British Muslims soul-search over bombings

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Leaders of Britain’s Muslim community have begun their task of soul-searching to find out if there is anything they could have done to prevent the London bomb attacks, and can now do to forestall future outrages.

The two million-strong community is in the unenviable position of having to look both outwards and inwards – inwards to those elements within radical Islam that might have colluded in the terrorist operation, and outwards towards a society where there will be a depressingly inevitable increase in Islamophobia and attacks on innocent Muslims.

Islam / Islamism

Islamism is a totalitarian ideology adhered to by Muslim extremists (e.g. the Taliban, Wahhabis, Hamas and Osama bin Laden). It is considered to be a distortion of Islam. Many Islamists engage in terrorism in pursuit of their goals.

Adherents of Islam are called “Muslims.” The term “Arab” describes an ethnic or cultural identity. Not all Arabs are Muslims, and not all Muslims are Arabs. The terms are not interchangeable.

One of the strongest early statements came from the Muslim Council of Britain, a body that has itself been attacked by extremists, who disrupted a pre-election meeting accusing the council of being hand-in-glove with Tony Blair’s Government.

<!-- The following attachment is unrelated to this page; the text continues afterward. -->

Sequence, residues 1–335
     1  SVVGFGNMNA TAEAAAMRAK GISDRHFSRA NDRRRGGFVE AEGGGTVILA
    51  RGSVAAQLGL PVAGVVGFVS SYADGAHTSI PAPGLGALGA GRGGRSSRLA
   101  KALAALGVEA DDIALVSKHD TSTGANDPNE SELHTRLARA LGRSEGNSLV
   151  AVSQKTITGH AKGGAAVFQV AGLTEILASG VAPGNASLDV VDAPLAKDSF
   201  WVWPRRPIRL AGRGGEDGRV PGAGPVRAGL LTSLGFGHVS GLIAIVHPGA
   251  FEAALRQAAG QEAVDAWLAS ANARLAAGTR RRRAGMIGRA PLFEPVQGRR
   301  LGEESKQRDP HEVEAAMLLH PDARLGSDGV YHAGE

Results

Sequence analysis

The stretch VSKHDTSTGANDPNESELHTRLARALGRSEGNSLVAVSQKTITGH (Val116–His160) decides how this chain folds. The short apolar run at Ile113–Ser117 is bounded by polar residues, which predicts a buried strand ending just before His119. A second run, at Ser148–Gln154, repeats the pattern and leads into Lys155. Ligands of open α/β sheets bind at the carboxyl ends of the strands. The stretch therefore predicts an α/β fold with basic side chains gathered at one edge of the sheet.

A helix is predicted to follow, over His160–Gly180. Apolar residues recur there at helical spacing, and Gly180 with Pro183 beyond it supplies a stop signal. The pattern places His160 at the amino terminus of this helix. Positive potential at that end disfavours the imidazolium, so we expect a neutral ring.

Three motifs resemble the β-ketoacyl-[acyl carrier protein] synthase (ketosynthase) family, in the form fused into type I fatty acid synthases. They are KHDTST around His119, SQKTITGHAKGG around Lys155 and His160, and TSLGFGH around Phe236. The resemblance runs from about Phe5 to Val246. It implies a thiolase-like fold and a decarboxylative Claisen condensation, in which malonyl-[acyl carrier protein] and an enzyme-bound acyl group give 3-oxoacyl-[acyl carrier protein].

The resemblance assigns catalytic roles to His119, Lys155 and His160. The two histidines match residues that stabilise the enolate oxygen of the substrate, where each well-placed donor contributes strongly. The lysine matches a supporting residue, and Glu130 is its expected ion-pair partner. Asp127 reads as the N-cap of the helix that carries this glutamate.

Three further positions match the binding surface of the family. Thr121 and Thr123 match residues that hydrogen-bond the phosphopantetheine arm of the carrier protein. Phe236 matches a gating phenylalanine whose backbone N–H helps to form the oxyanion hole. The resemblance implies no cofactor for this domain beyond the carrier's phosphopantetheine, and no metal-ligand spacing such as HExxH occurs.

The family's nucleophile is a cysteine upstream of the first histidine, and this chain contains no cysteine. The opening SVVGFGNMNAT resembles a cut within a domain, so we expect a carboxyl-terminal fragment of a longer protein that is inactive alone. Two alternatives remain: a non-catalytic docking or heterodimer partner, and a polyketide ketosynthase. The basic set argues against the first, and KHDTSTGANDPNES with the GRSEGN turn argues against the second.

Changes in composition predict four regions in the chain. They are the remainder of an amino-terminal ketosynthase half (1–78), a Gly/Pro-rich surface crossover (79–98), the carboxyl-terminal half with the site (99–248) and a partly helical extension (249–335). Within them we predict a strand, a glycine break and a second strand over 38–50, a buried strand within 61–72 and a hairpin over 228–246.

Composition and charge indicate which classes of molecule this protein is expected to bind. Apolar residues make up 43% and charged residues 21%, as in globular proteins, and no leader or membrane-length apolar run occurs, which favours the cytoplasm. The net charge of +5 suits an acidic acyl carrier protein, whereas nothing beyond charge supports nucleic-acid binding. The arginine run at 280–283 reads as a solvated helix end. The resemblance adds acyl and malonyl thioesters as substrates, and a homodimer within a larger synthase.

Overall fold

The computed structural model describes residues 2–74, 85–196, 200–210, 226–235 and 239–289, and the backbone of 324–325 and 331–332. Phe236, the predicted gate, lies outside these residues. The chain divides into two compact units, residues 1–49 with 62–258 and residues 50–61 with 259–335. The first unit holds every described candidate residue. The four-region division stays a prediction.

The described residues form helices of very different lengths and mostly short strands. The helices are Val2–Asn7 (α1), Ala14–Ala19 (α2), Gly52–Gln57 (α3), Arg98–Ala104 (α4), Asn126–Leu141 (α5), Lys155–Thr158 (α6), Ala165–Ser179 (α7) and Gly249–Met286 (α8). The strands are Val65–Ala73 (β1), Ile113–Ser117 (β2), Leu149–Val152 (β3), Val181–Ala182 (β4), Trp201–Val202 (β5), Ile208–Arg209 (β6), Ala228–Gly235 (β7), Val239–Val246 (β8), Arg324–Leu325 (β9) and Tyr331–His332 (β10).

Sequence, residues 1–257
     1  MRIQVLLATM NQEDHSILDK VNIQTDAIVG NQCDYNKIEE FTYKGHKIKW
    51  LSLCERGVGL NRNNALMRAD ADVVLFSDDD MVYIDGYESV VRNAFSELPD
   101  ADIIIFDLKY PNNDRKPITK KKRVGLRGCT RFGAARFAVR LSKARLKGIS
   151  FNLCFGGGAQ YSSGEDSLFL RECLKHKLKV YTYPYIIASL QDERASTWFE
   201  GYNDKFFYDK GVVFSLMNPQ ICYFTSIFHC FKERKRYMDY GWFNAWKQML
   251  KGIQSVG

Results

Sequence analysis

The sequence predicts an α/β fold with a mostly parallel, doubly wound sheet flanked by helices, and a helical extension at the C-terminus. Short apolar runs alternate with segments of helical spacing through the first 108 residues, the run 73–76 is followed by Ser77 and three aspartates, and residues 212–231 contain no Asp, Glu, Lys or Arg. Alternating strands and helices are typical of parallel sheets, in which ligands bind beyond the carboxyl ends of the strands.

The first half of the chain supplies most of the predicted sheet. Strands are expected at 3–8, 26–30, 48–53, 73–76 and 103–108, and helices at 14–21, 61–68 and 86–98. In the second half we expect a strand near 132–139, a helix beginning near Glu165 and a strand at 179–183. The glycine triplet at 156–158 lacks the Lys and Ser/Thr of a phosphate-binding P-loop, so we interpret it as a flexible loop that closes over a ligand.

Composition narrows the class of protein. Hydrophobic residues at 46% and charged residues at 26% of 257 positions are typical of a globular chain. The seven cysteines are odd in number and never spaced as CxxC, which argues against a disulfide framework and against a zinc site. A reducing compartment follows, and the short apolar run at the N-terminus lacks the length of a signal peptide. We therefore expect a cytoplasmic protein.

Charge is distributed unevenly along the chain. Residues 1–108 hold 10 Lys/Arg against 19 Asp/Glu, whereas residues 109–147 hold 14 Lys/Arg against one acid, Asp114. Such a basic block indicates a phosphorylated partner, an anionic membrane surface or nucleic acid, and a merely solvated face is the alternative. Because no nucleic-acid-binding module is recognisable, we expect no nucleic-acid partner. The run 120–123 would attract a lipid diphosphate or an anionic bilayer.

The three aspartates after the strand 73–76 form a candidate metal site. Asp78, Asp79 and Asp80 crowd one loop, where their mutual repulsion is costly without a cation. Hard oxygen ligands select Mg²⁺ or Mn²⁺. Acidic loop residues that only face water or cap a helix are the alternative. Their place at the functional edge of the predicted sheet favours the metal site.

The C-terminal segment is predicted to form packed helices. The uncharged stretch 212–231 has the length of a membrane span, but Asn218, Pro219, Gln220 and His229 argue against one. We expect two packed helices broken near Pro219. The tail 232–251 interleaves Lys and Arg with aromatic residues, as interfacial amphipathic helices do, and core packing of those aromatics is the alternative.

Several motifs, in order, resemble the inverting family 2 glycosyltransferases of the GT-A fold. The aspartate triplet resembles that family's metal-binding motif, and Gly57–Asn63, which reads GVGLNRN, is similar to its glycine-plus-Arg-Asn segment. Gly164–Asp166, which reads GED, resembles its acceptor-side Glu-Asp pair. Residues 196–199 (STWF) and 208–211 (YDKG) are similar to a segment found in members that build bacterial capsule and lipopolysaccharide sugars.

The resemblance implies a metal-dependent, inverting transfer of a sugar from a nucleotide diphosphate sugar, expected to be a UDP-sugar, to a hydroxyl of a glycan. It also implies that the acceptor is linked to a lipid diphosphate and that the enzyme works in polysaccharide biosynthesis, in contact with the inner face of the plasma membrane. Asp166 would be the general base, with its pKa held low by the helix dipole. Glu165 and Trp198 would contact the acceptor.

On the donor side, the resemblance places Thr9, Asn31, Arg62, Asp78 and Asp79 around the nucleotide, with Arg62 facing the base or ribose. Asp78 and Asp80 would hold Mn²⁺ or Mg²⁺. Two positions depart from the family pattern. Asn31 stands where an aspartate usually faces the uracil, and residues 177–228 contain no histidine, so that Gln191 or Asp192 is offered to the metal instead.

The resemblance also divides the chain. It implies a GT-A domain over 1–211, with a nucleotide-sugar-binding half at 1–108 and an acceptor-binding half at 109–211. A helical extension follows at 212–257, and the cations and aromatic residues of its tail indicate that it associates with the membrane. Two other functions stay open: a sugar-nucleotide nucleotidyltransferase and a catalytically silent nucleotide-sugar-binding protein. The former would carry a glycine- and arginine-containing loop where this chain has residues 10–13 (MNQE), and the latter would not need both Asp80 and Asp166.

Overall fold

After a hurriedly-convened emergency meeting when it became apparent last night that home-grown Muslim suicide bombers were responsible, Secretary-General Sir Iqbal Sacranie said: “We have received terrible news from the police with anguish, shock and horror.


“While the police investigation continues, we reiterate our absolute commitment and resolve to helping the police bring to justice all involved in this crime of mass murder.

“Nothing in Islam can ever justify the evil actions of the bombers. We are determined to work together with all concerned to prevent such an atrocity ever happening again. We now look to our shared values and common humanity to face the traumas and the challenge ahead.”

Later, in a joint statement with the leading ecumenical Christian body, Churches Together in Britain and Ireland, the Muslim Council urged people of all faiths to stand side-by-side at public gatherings across the country at midday tomorrow to observe the two minutes’ silence.

The Muslim Council continued: “No good purpose can be achieved by such an indiscriminate and cruel use of terror. These attacks strengthen our determination to live together in peace, and to grow together in mutual understanding.

“The scriptures and the traditions of both the Muslim and Christian communities repudiate the use of such violence. Religious precepts cannot be used to justify such crimes, which are completely contrary to our teaching and practice.”

The Muslim Association of Britain, clearly shaken by the developments, warned of the possibility of more attacks. Spokesman Harris Bokhari said that all communities, including Muslims, must cooperate with the police and other security forces to prevent any further such attacks and where possible lend a helping hand.

“We cannot rule out the possibility of a conspiracy to carry out more attacks in the future, whether near or distant. An urgent measure would be to lend the police a helping hand in their investigations and their efforts to stem the threat altogether,” said Mr Bokhari.